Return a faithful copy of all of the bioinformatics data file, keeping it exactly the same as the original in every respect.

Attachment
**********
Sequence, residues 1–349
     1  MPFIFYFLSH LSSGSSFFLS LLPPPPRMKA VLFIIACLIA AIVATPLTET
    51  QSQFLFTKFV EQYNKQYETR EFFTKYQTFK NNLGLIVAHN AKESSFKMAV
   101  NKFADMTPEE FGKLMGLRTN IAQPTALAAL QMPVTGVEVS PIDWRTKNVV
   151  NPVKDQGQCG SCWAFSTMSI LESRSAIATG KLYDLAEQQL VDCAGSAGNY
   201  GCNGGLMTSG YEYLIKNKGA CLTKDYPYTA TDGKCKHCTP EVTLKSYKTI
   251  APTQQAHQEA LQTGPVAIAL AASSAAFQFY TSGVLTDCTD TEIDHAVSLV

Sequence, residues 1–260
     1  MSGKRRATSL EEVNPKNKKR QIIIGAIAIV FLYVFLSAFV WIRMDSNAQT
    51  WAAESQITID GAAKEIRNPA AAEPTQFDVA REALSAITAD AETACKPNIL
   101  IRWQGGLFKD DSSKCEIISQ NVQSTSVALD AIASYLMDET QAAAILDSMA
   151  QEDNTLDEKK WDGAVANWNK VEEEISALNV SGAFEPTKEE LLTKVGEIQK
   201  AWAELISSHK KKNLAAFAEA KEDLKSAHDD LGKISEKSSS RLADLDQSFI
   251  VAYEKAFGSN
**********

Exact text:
Sequence, residues 1–349
     1  MPFIFYFLSH LSSGSSFFLS LLPPPPRMKA VLFIIACLIA AIVATPLTET
    51  QSQFLFTKFV EQYNKQYETR EFFTKYQTFK NNLGLIVAHN AKESSFKMAV
   101  NKFADMTPEE FGKLMGLRTN IAQPTALAAL QMPVTGVEVS PIDWRTKNVV
   151  NPVKDQGQCG SCWAFSTMSI LESRSAIATG KLYDLAEQQL VDCAGSAGNY
   201  GCNGGLMTSG YEYLIKNKGA CLTKDYPYTA TDGKCKHCTP EVTLKSYKTI
   251  APTQQAHQEA LQTGPVAIAL AASSAAFQFY TSGVLTDCTD TEIDHAVSLV

Sequence, residues 1–260
     1  MSGKRRATSL EEVNPKNKKR QIIIGAIAIV FLYVFLSAFV WIRMDSNAQT
    51  WAAESQITID GAAKEIRNPA AAEPTQFDVA REALSAITAD AETACKPNIL
   101  IRWQGGLFKD DSSKCEIISQ NVQSTSVALD AIASYLMDET QAAAILDSMA
   151  QEDNTLDEKK WDGAVANWNK VEEEISALNV SGAFEPTKEE LLTKVGEIQK
   201  AWAELISSHK KKNLAAFAEA KEDLKSAHDD LGKISEKSSS RLADLDQSFI
   251  VAYEKAFGSN